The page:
Toshkent – Uzbekistan
On my first day of cycling in Uzbekistan, I was cycling from Andijan on my way to the Uzbek capital of Toshkent on an open 4 lane main road. There was lots of space, no traffic, the road was flat and smooth and I was rolling along nicely at around 30km/hr, having fresh legs after a couple of days off in Osh. I saw a car coming out of a small dirt road, then pull up to the junction and stop. “Fine” I thought, he’s seen me. Indeed, there was no reason for him not to see me, there was a clear view all along the road. But then, just as I was about to pass him by; he pulled out.
I slammed into the side of the car, the sudden stop catapulting me over the bonnet. I slammed my head against the tarmac, followed by my hands and knees. I lay there on the road, now on my back, taking care not to move a muscle. I was seeing stars, even though I was wearing my helmet, but it definately saved me from having major head injury. I did a quick self diagnostic to check I could feel everything; feet – check, legs – check, fingers – check. The driver reversed off the road, leaving me stranded in the middle by myself. I saw a car approaching and had to wave at him to make sure he saw me, I didn’t fancy being run over too! Pretty quickly there was a load of people around me, they all thought I “was broken”. Luckily I wasn’t, I’ve broken a finger and toe before and it wasn’t the same type of pain. I’m so glad I’ve been blessed with big knees, if I had smaller bones, the locals would have been right, I would have been broken. Someone splashed water over my face, it was fizzy and burned my eyes. After re-gaining my composure, I managed to gesture for them to move me off the road. They lifted my arms and slid me off to the verge where, with help, I was able to stand up. The driver of the car was fretting that I was injured and later I found out why. He had no insurance and no drivers license.
I inquired about finding a hotel to stay, but this was a rural area and there wasn’t anything for another 100km, so one of the locals, a passenger in the car I hit, invited me to stay in his house. A few hours after the crash, my knees were swollen so much that I couldn’t see my knee caps. As I couldn’t bend down, I had to get one of the guys to help me put on my fleece trousers. I didn’t take them off for the 3 days to save me from suffering from the indignity and embarassment of having another man fiddle with my trousers, though at least he was pulling them up, not down! My host, named Kobol Iche (next to me in the photo above), was incredibly hospitable towards me, taking me to drink tea and have lunch with many of the villagers. He even took me to a wedding party, but I’ll write more about that in a separate blog.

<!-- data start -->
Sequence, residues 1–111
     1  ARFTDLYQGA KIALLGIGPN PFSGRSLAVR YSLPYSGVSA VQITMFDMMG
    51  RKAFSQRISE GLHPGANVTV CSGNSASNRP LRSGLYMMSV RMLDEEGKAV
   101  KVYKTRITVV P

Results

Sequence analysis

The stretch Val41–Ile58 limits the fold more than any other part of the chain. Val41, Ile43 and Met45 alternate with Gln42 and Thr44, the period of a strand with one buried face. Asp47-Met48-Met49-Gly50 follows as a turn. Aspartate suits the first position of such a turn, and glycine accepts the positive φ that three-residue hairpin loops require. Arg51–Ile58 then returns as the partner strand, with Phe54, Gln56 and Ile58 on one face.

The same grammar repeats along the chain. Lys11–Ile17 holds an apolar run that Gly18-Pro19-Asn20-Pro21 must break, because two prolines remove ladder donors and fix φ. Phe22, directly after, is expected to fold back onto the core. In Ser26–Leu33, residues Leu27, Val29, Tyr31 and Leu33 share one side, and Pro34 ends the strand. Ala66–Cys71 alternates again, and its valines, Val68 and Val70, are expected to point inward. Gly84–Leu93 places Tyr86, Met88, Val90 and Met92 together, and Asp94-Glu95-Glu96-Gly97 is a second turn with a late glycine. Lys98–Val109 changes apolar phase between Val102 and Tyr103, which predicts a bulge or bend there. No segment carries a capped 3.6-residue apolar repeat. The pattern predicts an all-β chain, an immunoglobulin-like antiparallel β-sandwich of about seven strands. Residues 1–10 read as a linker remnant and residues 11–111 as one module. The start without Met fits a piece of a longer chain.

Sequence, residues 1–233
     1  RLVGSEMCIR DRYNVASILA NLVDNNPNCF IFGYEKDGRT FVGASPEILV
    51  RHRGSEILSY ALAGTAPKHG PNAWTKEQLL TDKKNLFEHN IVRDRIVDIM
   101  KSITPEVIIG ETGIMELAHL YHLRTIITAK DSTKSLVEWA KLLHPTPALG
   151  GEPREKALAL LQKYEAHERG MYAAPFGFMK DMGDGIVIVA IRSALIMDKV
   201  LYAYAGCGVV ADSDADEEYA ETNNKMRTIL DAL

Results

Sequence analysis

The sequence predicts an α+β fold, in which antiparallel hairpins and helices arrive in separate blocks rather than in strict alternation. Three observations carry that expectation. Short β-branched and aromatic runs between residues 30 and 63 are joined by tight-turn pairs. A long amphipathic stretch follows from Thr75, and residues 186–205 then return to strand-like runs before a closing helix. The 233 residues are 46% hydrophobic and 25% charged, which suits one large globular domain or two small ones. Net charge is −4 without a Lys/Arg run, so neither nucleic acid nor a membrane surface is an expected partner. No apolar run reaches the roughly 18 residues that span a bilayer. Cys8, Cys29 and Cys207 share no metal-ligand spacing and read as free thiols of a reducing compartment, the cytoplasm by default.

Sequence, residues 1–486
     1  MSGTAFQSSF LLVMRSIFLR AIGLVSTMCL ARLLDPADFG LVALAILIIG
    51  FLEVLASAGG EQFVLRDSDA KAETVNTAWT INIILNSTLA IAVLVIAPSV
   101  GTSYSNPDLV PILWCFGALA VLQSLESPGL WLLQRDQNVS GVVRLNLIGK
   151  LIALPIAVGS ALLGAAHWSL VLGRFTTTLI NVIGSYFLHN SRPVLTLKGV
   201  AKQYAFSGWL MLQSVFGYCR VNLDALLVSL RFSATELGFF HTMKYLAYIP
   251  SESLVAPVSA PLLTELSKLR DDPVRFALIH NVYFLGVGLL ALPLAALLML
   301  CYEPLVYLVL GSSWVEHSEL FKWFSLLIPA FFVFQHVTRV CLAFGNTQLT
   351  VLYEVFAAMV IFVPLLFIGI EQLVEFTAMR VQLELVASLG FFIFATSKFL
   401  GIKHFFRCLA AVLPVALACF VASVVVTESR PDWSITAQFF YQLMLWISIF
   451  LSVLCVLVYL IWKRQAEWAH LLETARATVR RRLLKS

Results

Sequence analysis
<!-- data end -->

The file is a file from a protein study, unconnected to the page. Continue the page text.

The town I was in was small and had no internet or international phone service, and with my Uzbek visa counting down, I couldn’t hang about, so as soon as the swelling in my knees went down enough for me to cycle, I headed towards Toshkent. After only a few minutes on the road, I had the feeling that something was amiss on my bike. The back end felt funny and the gears were making a horrible grinding sound. I hadn’t been able to cycle it before so didn’t get a chance to check it properly, though I did check most of my frame for cracks. I looked down at the back wheel and to my absolute horror, I saw that the rear triangle was bent out of shape, and so much that the tyre was almost touching the chainstay. I did a more thorough check for cracks and when I lifted off the rubber that ironically I had put on to protect the frame, I found a crack through one of the seatstays. I returned to Kobol Iche’s house where he got the local “master blacksmith” to screw on a L shaped piece of rusty steel over the crack. I winced as they drilled into my beautiful KTM frame as if it was a chunk of old timber.
The 350km cycle to Toshkent was difficult, my legs were still stiff and I was still limping when I walked. I was pretty shocked too. When I got to heavy traffic I was scared, really scared. I had lost my confidence and I kept second guessing what a driver might do. I hesitated, doubting myself. Stopping in the middle of roundabouts and junctions, and that’s even more dangerous than just going for the gap, pretending I’m a big car, as I normally do. When I got into the countryside and away from people I broke into tears. In the traffic I was petrified, but I think that it’s important to face your fears and just get on with it. It reminded me of when I was BMX jumping in Cambridge. Any time I had a crash off a jump, I used to always try to get back on the bike and try it again. Otherwise I’d put it off, and the fear would build up and before long, in my mind, the jump would be impossible.
Still, it was with a huge sense of relief when I got out into the mountains, despite the prospect of climbing up to 2100m altitude on sprained legs, at least there were no busy junctions to worry about. Having climbed for half a day, I wasn’t even able to enjoy the steep downhill, as I had to go really slow, taking care to choose the smoothest lines through the lumps and bumps, so as not to damage my frame further. I felt like a bird minding a fragile egg, thinking that every jolt could enlarge the crack on my chainstay. To the cool 70’s sounds of the Forrest Gump soundtrack, I finally made it to the suburbs of Toshkent, where I’ve got to sort out my Turkmenistan and Iran visas, rest my legs, and unfortunately, sort out a new frame.
I sit here now and think of how lucky I am to have done a superman over a bonnet of a car at 30km/hr, and suffered no more than sprained legs, a burst lip, and cracked frame. It could have been much worse. I’m just glad I was wearing my helmet!